4653 University Avenue, City Heights
First up, I’m not an early-morning guy. But on this perfect food day, you’ve got to start at the crack of dawn. Because that’s when the dja kwai are at their freshest at Trieu Chau (4653 University Avenue, City Heights.)
Trieu Chau is a sunny, cheery place in the morning. What I like best is the back room, where mostly Cambodian men gather to chew the fat, tell jokes, argue politics (meaning Cambodian politics), and dip their dja kwai in their coffee.
Dja kwai are Chinese deep-fried bread sticks, kinda like croissants, but shaped like an H. They’re for dipping into your morning joe. And at Trieu Chau, that means Cambodian-style joe. Khmer coffee usually has chicory in it, and maybe soybeans and corn, too, and a puddle of sweetened condensed milk in the bottom. You talk a lot. You learn a lot. Like that the dja kwai represents two lovers in ancient China who disobeyed their parents and were tied up and drowned in each other’s arms.
3003 Grape Street, South Park
Across town to breakfast: Judy’s place is the Big Kitchen (3003 Grape Street, South Park). For starters, I love reading Judy’s walls. Like, “Lord, help me be the person my cat thinks I am.” For seconds, I like the racket when she’s around. Her voice barks through: “Très bien! Très bien!” For thirds — and now we’re getting to the nub — her 10/12 shingled bacon is about as thick as it gets. Couple that with my fave, a huge Mexican cheese omelet with strong-tasting chorizo, and notch out your belt.
2476 San Diego Avenue (in the Whaley House gardens), Old Town
Lunch in the Whaley House’s garden at New Orleans Creole Café (2476 San Diego Avenue, Old Town) should be a lengthy affair. You don’t want to be rushed. I come here for the brick patio, the ghosts of the Whaley children running around those old California pepper trees, and for Louisiana’s fruity Abita Andygator beer. And for the rich gumbo recipe chef Mark Bihm says has come down through seven generations of his family. Bottom line: the fact you can make half-orders on their pricey main dishes, like crawfish étouffée or the fried-shrimp platter.
So, by now — jumpin’ Jehoshaphat! Gone four already. Jump on the Blue Line trolley. Head south. Palm Avenue. And straight across Hollister, to a low little place with a magic sign: “99-cent fish tacos, Budlight Beer, $1.50.”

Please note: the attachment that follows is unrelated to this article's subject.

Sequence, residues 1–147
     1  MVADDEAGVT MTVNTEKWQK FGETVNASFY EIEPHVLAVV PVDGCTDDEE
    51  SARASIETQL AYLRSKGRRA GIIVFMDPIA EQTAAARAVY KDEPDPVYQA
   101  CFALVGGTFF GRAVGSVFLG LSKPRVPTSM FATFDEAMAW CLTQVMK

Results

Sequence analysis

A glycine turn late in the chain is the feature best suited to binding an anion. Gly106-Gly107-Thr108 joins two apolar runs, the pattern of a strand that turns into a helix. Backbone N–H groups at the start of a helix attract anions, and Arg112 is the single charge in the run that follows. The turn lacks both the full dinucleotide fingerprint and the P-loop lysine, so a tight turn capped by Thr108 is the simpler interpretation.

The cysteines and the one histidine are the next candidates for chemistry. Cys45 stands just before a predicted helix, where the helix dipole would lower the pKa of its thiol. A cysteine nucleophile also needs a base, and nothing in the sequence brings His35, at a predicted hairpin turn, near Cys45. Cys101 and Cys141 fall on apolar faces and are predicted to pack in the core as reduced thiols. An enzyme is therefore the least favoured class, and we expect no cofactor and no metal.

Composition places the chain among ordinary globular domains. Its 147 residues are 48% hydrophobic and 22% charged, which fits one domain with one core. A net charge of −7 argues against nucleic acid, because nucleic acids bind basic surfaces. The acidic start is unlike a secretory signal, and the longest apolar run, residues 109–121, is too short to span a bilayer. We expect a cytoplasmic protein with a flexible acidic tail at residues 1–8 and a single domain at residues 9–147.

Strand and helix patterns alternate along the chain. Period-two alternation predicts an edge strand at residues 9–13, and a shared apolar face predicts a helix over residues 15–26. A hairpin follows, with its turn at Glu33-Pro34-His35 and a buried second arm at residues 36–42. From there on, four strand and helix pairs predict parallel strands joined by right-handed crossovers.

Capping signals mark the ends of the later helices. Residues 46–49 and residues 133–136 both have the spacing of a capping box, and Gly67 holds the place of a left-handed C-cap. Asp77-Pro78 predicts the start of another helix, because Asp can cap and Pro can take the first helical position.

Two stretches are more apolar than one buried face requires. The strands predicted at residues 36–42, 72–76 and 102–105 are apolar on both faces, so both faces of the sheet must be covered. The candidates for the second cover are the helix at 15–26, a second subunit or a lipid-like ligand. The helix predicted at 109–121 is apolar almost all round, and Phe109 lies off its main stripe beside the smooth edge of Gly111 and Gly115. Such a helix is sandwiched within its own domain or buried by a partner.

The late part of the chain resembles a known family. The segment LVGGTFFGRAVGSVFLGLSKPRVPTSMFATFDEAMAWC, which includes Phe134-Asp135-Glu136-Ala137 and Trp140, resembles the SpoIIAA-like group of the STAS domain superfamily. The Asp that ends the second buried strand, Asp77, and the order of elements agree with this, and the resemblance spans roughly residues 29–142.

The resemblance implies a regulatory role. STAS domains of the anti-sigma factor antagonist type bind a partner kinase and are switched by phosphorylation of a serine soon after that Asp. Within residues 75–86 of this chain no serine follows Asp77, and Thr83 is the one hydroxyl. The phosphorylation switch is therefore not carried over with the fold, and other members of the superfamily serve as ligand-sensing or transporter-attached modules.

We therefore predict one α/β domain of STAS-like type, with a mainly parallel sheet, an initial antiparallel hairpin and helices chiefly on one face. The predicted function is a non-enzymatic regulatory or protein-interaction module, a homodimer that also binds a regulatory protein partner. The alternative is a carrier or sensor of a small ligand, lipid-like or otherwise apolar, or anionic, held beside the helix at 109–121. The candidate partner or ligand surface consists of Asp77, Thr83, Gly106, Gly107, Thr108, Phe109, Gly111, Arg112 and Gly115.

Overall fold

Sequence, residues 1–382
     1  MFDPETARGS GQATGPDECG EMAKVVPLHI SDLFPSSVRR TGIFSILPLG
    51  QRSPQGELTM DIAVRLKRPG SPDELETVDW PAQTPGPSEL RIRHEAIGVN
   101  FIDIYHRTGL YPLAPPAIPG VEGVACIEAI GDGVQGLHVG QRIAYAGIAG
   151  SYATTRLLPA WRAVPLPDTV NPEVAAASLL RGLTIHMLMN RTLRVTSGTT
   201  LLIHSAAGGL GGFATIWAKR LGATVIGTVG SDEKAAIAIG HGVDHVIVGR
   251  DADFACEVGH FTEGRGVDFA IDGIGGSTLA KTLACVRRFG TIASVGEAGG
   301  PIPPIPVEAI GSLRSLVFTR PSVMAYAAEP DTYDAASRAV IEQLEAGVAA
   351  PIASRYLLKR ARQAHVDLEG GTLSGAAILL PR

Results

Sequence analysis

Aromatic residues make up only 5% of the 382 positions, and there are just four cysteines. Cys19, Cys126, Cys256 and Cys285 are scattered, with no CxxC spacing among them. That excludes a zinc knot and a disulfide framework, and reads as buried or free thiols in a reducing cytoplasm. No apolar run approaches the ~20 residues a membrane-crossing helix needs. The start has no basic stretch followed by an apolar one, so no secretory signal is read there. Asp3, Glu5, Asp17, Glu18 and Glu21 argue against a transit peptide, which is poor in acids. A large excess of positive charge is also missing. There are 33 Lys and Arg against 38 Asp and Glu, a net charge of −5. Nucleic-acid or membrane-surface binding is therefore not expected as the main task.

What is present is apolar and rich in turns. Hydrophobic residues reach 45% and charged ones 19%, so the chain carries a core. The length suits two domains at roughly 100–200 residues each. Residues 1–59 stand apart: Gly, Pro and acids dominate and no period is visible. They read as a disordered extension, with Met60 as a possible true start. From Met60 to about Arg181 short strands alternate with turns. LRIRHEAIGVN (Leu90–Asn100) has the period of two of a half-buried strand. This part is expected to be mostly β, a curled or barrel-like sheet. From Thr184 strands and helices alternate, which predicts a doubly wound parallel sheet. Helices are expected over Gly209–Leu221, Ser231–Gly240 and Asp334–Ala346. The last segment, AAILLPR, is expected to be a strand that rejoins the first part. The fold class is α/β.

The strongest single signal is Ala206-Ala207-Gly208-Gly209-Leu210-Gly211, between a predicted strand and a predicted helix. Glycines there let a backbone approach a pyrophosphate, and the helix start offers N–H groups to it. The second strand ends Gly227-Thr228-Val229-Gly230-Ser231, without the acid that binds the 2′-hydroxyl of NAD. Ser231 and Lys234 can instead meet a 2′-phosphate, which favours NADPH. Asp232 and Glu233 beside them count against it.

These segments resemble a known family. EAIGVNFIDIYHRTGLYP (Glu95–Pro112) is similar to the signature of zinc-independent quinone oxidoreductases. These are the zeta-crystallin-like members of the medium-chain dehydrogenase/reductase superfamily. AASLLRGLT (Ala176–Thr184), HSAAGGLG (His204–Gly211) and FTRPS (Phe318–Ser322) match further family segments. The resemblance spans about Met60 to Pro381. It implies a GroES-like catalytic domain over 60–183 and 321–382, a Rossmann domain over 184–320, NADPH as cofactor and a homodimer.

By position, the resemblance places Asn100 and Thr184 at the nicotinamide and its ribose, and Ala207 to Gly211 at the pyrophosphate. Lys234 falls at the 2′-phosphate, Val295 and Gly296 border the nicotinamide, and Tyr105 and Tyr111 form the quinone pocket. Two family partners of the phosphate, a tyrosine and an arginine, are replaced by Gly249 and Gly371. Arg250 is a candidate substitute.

658 Hollister Street, Imperial Beach
What a deal. This is Mariscos Germán (658 Hollister Street, Palm City). You get the beer and a generous-sized fish taco. Plus, free fish soup with onions, tomato, shredded cabbage, and chips and salsa to go with it. And Mexican TV talk shows! It feels criminal to leave after paying all of $2.69, including tax. I call this truly happy hour.
965 Orange Avenue, Coronado
Then, we’re up in Coronado, heading for our dinner rendezvous, the 100-year-old Danny’s Palm Bar & Grill (965 Orange Avenue), home of Navy SEALs, and the famous Slamburger. Bill Clinton came to Danny’s Palm Bar for the same reason. I just love these big gut-busters. You could go for the Grand Slam (two half-pound patties, fixin’s, $13). But I choose The Frogman with the ’shrooms, grilled onions, guac, and an extra ($1) of bacon. Costs $13.25. What I like: crunchy outside of the grilled hand-shaped patties.
1500 Orange Avenue, Coronado
And what better way to cap off the Danny’s experience than hiking over to the Hotel Del’s outside Sunset Bar (1500 Orange Avenue) for a cocktail, looking over the moon-splashed ocean? The cocktail? Mine’s my old dad’s, what he called a “French and Italian.” Mostly dry vermouth (“French”), sweet red vermouth (“Italian”), Tanqueray gin, a lemon twist, and maybe a drop of Angostura bitters ($15). Bitter, sweet, intriguing. Like all the best love affairs.
And for Carla? Lavender Lemonade, with lemon, agave nectar, vodka, and crushed lavender plucked from the Del’s herb garden ($16).
1912 Coronado Avenue #105, Nestor
And, on this perfect day I’d be whipping down to the palapa hangout in the Baja Oyster Bar (1912 Coronado Avenue, suite 105, Nestor) for a post-cocktail snack: their awesome smoked-marlin taco with a big slab of avocado (about $3).
419 F Street, Downtown San Diego
Then, around midnight, we hit downtown and Café Lulu’s (419 F Street, Gaslamp) sidewalk patio for a latte in a tall glass. Two chunks of chocolate come with it. Technique: put one in your mouth, then swig the latte. It melts the chocolate. What a swallow. The other pleasure here? Watching the crazy Gaslamp late-night scene parade by.
And — this for diehards only — drive up to Vista, to the Yellow Deli (315 E. Broadway. Vista), to catch the dawn. It’s okay. These guys are open 24 hours most days. Atmosphere: little old hobbit house. Awesome: carrot cake. Awesomer: Coachella Valley date square. Great with: their fresh green yerba mate.
And, dawn’s cracking. Soon, breakfast time! They bake their muffins right there. Perhaps just one... Guess I’m an early-morning guy after all.
Early coffee: Ryan Bros (1894 Main Street, Barrio Logan)
Breakfast: Sunrise Deli (9945 Campo Road, Spring Valley)
Lunch: Cafe di Roma (633 9th Street, Imperial Beach)
Happy Hour: Bertrand at Mr. A’s (2550 Fifth Avenue, Bankers Hill)
Dinner: Tita’s Kitchenette (2720 E. Plaza Boulevard, National City)
Cocktail: Rare Form (795 J Street, East Village)
Dessert: San Diego Desserts (5987 El Cajon Boulevard, Rolando)
Snack: La Gran Tapa (611 B Street, downtown)
Late Coffee: Café Bassam (3088 Fifth Avenue, Bankers Hill)